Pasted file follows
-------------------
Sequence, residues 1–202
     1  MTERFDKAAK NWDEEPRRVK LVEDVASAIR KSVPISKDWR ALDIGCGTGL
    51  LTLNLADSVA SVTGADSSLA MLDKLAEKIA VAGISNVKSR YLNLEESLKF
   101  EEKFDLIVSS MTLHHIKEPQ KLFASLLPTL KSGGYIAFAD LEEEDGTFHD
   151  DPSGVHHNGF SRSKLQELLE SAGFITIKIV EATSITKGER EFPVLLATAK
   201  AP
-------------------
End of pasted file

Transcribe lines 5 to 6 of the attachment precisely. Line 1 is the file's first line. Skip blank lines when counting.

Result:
   151  DPSGVHHNGF SRSKLQELLE SAGFITIKIV EATSITKGER EFPVLLATAK
   201  AP